Officials: Oklahoma sees massive spike in opioid overdose deaths

OKLAHOMA CITY -- Officials have announced a new collaborative effort to better fight opioid and drug abuse in Oklahoma.

Acting U.S. attorney Bob Troester announced the 'Western Oklahoma Opioid Enforcement' on Thursday, which includes multiple state and federal agencies. According to Troester, the plan is to utilize each agency's unique expertise.

"We are facing one of the deadliest epidemics our nation has seen," said Troester. "We cannot go about fighting this opioid crisis with a ‘business as usual’ approach."

The team's approach is use criminal, civil, and administrative tools to target and prosecute those they say are responsible.

"This squad will focus on pharmaceutical diversion. They will focus on the doctors overprescribing and prescribing for profit and flooding our neighborhoods. They will also focus on pharmacies not properly maintaining their inventory," said DEA special agent-in-charge Clyde Shelley. "When it comes to this, DEA's all in."

The announcement of the team comes at a time the Oklahoma Bureau of Narcotics has seen an almost 300 percent increase in overdose deaths linked to opioids since 2003.

"Last year, we had almost 800 drug-related deaths that were autopsied and of those, almost 50 percent, 47.7 percent, of those involved at least one opioid," said Mark Woodward with OBN. "Often times, it was painkillers. It could have been heroin or fentanyl."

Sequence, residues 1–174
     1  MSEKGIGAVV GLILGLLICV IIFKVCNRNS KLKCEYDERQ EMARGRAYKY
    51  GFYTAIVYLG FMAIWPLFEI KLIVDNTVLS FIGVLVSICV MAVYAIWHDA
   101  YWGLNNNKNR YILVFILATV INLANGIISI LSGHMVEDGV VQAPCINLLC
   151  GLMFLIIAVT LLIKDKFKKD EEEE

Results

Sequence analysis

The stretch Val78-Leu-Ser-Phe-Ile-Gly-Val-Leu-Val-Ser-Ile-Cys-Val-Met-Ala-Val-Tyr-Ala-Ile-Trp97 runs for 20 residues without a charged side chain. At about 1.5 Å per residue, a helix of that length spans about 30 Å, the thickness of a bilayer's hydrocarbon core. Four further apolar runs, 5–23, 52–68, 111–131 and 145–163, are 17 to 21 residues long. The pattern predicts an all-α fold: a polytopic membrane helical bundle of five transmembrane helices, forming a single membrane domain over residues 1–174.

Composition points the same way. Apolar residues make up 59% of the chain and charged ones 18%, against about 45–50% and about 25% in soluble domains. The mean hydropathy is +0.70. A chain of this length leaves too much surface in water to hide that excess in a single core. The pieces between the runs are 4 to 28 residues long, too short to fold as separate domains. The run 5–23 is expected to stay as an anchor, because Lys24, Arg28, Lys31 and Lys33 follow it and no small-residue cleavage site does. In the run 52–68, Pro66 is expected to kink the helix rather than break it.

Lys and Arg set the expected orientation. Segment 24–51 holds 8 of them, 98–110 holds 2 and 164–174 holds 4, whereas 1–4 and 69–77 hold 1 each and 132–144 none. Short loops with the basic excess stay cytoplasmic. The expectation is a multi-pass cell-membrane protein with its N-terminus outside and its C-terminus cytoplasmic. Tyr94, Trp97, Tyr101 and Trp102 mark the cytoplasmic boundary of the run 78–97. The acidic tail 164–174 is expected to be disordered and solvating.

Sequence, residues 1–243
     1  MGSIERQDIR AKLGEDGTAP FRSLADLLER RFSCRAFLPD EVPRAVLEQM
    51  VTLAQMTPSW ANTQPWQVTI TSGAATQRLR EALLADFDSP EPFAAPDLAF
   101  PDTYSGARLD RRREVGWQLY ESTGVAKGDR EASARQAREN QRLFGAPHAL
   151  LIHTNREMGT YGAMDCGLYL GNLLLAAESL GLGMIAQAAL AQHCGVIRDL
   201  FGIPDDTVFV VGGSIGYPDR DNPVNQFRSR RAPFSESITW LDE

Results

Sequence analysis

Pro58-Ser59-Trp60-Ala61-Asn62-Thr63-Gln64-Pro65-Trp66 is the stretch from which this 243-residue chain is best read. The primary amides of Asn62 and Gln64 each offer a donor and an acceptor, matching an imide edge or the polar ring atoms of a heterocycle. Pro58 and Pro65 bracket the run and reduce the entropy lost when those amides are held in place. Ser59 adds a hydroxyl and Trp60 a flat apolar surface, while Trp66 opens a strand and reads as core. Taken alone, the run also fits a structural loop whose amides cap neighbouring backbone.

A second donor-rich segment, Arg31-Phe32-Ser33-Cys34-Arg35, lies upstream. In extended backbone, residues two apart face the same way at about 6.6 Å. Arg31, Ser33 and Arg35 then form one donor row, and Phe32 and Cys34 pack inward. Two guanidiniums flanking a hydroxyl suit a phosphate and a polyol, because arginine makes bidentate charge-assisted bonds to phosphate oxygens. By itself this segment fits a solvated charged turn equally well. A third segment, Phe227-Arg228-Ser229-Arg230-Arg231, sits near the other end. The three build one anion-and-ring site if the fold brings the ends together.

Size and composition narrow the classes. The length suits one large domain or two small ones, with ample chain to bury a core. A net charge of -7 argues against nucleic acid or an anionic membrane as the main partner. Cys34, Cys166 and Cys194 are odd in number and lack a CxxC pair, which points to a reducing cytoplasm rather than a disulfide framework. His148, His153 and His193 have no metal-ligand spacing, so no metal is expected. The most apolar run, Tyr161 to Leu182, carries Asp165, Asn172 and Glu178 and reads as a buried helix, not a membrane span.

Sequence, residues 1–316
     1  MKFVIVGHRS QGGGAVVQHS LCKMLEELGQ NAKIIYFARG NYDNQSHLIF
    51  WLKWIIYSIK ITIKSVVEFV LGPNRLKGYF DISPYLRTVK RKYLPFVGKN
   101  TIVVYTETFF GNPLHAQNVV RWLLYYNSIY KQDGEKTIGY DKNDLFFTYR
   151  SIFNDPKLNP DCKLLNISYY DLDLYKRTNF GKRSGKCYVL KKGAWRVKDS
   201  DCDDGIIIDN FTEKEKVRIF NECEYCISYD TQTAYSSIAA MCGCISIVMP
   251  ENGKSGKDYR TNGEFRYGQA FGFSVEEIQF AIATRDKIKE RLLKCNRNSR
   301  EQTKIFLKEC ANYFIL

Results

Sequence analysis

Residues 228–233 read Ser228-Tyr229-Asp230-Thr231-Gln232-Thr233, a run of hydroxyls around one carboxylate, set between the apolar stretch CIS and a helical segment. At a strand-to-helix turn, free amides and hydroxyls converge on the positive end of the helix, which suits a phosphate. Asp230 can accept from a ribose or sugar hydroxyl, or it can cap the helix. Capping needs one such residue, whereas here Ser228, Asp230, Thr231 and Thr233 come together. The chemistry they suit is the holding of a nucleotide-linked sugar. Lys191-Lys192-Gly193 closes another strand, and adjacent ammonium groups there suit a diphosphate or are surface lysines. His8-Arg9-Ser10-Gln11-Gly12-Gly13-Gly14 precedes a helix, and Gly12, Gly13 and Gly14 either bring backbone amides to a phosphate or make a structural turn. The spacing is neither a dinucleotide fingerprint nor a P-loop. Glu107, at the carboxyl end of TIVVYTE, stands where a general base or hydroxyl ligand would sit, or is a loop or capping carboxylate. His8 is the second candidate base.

Woodward said in 2007, there were two reported cases of heroin overdose deaths in Oklahoma. In 2017, that figure rose to 59. He said two major factors include the accessibility to painkillers and the affordability.

"It’s relatively free when you’re talking about insurance paying for it after a car accident or surgery or stealing it out of a medicine cabinet so it doesn’t cost you anything," he said. "Most of us will probably never have cocaine, or meth, or heroin in our home, but any one of us can be in a car accident or surgery, and we’re going to have it in medicine cabinets or take it for legitimate reasons."

However, he said the problem is not completely homegrown. Instead, he said described it as a global crisis.

"Over in China, we’re seeing large amounts of black market synthetic fentanyl or opioids coming into the United States and some of them are back filled into heroin or they’re pressing the fentanyl into pills that look like oxycodon and you’ll see these clusters of death," he explained. "In Atlanta, and Cleveland, and Chicago, where 28 to 45 people die in one weekend from what they thought was heroin and it ends up it was cut with fentanyl, which could be 100 to 1000 times stronger than morphine or heroin."